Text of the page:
You’ll have to forgive me, this post isn’t really very good. You see, I so much want to participate in this month’s 1000 Voices Speak for compassion, which is about forgiveness this month, but I can’t narrow the topic down enough to make a normal sized book, let alone a blog post.
At first I wanted to start from the view point of religion, even though I make it a point to never discuss religion on my blog. You see, I once read that while some religions say God can forgive all sins, others say God can only forgive those transgressions against God’s own laws, that if we hurt somebody it lays heavy on our soul until we get the person who we hurt’s forgiveness. That’s a great angle. I mean, we can all prostrate ourselves in front of an infinitely powerful being, but can we for our neighbor? Our friend? Our enemy? This also gives the victim a lot of power.
But no, I thought better of doing a religious angle. Even here I might have offended somebody, and I’m sure I would have if I would have kept in the original “God/Allah/Zeus/Odin/The-Supreme-Being/Whatever” instead of “God”. Although most religions talk about forgiveness, I’ve noticed that few people who consider themselves religious forgive any who they think slighted their religion.
I touched on a few things there that I could talk about without the religious angle. How about talking about how to ask for forgiveness? I mean, you have to really understand you are wrong, humble yourself, admit your mistake, apologize and then ask, “Can you forgive me?” Just going through these motions, if you really mean it, while deflating yourself, actually makes you grow in other, better ways. But no, I can’t really think of where I’d go from there without writing that ten volume set.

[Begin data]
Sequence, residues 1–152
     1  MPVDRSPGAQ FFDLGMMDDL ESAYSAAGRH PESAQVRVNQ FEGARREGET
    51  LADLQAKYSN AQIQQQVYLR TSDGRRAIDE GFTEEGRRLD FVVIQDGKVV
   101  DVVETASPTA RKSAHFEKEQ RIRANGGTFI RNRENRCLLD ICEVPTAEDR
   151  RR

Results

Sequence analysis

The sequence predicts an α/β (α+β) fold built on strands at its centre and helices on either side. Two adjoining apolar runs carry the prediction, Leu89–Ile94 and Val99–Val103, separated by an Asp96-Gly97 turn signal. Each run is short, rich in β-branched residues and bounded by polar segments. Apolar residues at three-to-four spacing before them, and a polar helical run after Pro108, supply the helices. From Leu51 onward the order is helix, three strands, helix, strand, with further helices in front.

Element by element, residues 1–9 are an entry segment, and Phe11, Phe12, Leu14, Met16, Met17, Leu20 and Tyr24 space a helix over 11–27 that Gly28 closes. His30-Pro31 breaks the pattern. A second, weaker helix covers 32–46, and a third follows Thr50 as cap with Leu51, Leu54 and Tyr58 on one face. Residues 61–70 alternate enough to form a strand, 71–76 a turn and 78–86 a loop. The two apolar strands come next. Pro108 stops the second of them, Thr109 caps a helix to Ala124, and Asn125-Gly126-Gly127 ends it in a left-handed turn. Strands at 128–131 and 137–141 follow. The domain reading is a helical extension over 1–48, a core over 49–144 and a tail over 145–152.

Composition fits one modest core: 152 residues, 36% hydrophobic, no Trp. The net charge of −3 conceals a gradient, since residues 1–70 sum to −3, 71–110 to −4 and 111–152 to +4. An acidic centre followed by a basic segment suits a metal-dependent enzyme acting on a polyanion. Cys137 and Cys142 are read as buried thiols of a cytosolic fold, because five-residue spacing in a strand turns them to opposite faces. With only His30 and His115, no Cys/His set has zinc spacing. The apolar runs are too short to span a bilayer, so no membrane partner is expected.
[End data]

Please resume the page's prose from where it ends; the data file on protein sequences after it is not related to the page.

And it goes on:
There is also the viewpoint of the one wronged, the forgiver. The power it gives the victim, the closure it can bring, the peace. If the one being forgiven didn’t ask for it, it gives the one doing the forgiving a moral superiority of types. It can return dignity. But what do you say about the parents who forgive the man who murdered their daughter but who never showed remorse? Or what do you say about the parents who don’t forgive that man, ever, even if shows remorse and cries for their forgiveness? I don’t know, it get’s complicated, particularly for a short blog post. There are just too many angles.
Of course there is a society level. There are people in this world who are still mad at things that happened hundreds, even thousands of years ago. They can’t let go. They can’t forgive. People hate other people over something their great-25-times-grandfathers did to each other in ninth century. They kill each other over it. How does that fit in? Forgive me, but I can’t even fathom how I’d even start on this.
Of course there is also the definition. What does this word really, truly mean? Forgiveness is at the peak of compassion, of empathy. It is looking the one who wronged you in the eyes and saying, “I see you and know you. You are human, just like me. You did wrong, perhaps even evil. And yet, you are human, after all, just like me. And I forgive you.” It is huge. How does a definition even begin to wrap around all that it implies?
Oh well, I can’t do it. I can’t. I can’t write a deep, meaningful post on the subject without going on for pages and pages, volumes and volumes. I just can’t, so please forgive me.
This post is part of the 1000 Voices Speak for Compassion. I’ve had a personal vision of compassion that I’ve been sharing on most of my posts on the subject:
Empathy is the glue that holds society together and compassion is what makes a group of people a civilization. Without holding our hands out to our fellow humans we become savages. We are all in this together, in a closed system, so we must all help each other. How lonely life must be for those selfish people who don’t realize this simple truth! How lonely for anyone who doesn’t realize that all are our brothers and sisters! How lonely must the self-righteous be!
Find out more about this movement. See the 1000 Voices Speak blogsite and the Facebook page. And add your voice to our 1000 voices all speaking about compassion! To see more for this month or add your post, see the “Linky”